Wildlife Trade a Key Risk Factor in the Global Spread of Infectious Disease
New analysis led by The Nature Conservancy identifies mammal groups most likely to transmit infectious viral diseases like COVID-19 to humans
As humanity continues to struggle to contain the COVID-19 pandemic, scientists from The Nature Conservancy and the Ashoka Trust for Research in Ecology and Environment (ATREE) in India, have conducted a first-of-its-kind analysis, published today in the journal Current Biology, which seeks to quantify the link between global wildlife trade and the risk of emerging zoonotic diseases – including pathogens such as SARS, MERS, HIV, and COVID-19, which transfer from animals to humans.
The research revealed that one-quarter of mammal species in wildlife trade host 75 percent of the known zoonotic viruses; and that the risk of disease transfer is much higher among those mammals commonly traded, as opposed to species that are not traded, or are domesticated.
In total, the study compared the association of 226 viruses known to cause zoonotic diseases across more than 800 mammal species, then categorized these animals into three distinct groups: traded mammals, non-traded mammals, and domesticated mammals.
“From our findings, it is conceivable that wildlife trade (legal and illegal) is the key risk factor driving the global spread of zoonotic and emerging infectious diseases,” said lead author Dr Shivaprakash Nagaraju, a senior scientist for The Nature Conservancy in India.
“Annually, it is estimated that international wildlife trade results in upwards of one billion direct and indirect contacts between wildlife, humans, and domestic animals,” Shivaprakash continued. “By pinpointing the species that pose the highest risk of passing zoonotic diseases to humans, we hope our research can help global health experts prioritize where to concentrate their efforts to prevent the next global pandemic.”
While previous scientific literature identified rodents and bats as groups of particular concern for disease transmission, this is the first study to present evidence that primates and even-toed ungulates (e.g. hoofed mammals like deer, antelope) in wildlife trade are an even greater risk to human health, due to the higher number of host species within their group, and the diversity of diseases they carry which can be transmitted to humans.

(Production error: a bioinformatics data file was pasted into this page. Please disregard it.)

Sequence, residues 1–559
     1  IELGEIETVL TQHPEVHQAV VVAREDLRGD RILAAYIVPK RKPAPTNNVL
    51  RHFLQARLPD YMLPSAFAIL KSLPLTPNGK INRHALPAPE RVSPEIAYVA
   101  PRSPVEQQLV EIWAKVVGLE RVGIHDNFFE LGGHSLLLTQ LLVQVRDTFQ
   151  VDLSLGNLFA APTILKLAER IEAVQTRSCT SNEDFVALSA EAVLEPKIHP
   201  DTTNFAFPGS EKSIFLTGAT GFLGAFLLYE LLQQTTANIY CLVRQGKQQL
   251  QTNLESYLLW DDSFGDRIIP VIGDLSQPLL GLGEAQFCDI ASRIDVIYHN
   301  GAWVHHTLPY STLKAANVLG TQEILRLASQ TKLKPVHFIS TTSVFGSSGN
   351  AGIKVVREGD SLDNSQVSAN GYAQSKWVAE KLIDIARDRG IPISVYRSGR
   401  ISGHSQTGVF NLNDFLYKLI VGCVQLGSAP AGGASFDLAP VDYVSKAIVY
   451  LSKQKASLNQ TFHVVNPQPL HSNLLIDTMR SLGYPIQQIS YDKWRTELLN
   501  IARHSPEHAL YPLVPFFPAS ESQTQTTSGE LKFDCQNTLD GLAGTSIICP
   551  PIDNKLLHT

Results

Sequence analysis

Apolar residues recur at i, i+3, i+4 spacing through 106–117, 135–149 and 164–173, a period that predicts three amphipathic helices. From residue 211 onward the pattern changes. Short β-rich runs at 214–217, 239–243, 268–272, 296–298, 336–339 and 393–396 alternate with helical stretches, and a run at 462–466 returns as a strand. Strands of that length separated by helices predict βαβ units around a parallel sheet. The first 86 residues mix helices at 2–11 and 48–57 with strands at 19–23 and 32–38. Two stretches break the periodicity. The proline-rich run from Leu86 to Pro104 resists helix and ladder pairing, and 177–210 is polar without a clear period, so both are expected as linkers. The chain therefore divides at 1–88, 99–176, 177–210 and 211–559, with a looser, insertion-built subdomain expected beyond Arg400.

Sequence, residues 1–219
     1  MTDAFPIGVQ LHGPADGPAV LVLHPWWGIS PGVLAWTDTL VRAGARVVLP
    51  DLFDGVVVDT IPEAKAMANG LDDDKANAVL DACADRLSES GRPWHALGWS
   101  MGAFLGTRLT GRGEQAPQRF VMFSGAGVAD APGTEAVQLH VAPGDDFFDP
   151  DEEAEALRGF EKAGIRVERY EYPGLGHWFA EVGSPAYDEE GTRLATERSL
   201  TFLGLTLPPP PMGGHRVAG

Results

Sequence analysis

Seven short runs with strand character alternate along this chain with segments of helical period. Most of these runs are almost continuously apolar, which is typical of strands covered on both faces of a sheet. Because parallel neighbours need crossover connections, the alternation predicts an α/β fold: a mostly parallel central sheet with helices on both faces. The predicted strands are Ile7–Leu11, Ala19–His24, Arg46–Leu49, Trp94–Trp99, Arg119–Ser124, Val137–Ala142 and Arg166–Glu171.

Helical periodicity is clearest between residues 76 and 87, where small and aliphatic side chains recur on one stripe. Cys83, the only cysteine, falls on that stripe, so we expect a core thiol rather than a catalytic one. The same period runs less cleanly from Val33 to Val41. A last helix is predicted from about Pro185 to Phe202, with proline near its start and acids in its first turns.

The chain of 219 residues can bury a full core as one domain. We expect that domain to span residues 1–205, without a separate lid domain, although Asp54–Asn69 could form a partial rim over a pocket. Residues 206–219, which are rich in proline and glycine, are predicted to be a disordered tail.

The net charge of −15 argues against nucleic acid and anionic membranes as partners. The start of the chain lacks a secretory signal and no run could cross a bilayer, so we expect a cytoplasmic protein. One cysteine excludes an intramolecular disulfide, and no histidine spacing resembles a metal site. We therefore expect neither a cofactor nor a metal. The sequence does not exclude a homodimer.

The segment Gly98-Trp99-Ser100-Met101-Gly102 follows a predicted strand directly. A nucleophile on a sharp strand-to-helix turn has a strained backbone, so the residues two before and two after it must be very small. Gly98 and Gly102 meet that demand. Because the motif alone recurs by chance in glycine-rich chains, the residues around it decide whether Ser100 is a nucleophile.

“This study is particularly timely as the COVID-19 pandemic, and its suspected origins in a wildlife wet market, has brought the global health risks of wildlife trade to the urgent attention and concern of civil society, political leaders, and scientists,” said Dr Joe Kiesecker, a Lead Scientist for The Nature Conservancy and co-author of the study. “If we want to stop the next pandemic before it starts, our findings indicate that we should, among other measures, focus our efforts on keeping rodents, bats, primates, ungulates, and carnivores out of wildlife trade.”
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Notes for Editors
Shivaprakash, K.N., Sen, S., Paul, S., Kiesecker, J.M., Bawa, K.S. (2021)
Mammals, wildlife trade, and the next global pandemic. Current Biology.
DOI – 10.1016/j.cub.2021.06.006
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Ashoka Trust for Research in Ecology and the Environment (ATREE) focuses on research and education to engage and influence policy and practice in the conservation of nature, management of natural resources, and sustainable development. Established in 1996 as a non-profit organisation, ATREE works in the forests of the Western Ghats, the ecosystems of Northeast Himalayas, grasslands of Kutch, wetlands of Tamil Nadu and Kerala, the expanding urban cities of Karnataka and Tamil Nadu, and other parts of India.
The Nature Conservancy is a global conservation organization dedicated to conserving the lands and waters on which all life depends. Guided by science, we create innovative, on-the-ground solutions to our world's toughest challenges so that nature and people can thrive together. We are tackling climate change, conserving lands, waters and oceans at an unprecedented scale, providing food and water sustainably and helping make cities more sustainable. Working in 72 countries and territories: 38 by direct conservation impact and 34 through partners, we use a collaborative approach that engages local communities, governments, the private sector, and other partners. To learn more, visit www.nature.org or follow @nature_press on Twitter.